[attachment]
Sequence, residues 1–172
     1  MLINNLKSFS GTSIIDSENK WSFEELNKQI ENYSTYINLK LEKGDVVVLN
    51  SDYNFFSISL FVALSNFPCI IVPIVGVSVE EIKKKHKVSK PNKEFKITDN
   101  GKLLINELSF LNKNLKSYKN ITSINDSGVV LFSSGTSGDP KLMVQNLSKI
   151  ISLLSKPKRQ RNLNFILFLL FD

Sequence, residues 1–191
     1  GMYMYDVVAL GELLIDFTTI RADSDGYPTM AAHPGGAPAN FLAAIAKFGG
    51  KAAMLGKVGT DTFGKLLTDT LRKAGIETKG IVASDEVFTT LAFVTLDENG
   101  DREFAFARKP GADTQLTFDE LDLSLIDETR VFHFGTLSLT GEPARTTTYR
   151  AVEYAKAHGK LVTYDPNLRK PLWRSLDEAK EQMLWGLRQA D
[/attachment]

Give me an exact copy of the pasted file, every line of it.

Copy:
Sequence, residues 1–172
     1  MLINNLKSFS GTSIIDSENK WSFEELNKQI ENYSTYINLK LEKGDVVVLN
    51  SDYNFFSISL FVALSNFPCI IVPIVGVSVE EIKKKHKVSK PNKEFKITDN
   101  GKLLINELSF LNKNLKSYKN ITSINDSGVV LFSSGTSGDP KLMVQNLSKI
   151  ISLLSKPKRQ RNLNFILFLL FD

Sequence, residues 1–191
     1  GMYMYDVVAL GELLIDFTTI RADSDGYPTM AAHPGGAPAN FLAAIAKFGG
    51  KAAMLGKVGT DTFGKLLTDT LRKAGIETKG IVASDEVFTT LAFVTLDENG
   101  DREFAFARKP GADTQLTFDE LDLSLIDETR VFHFGTLSLT GEPARTTTYR
   151  AVEYAKAHGK LVTYDPNLRK PLWRSLDEAK EQMLWGLRQA D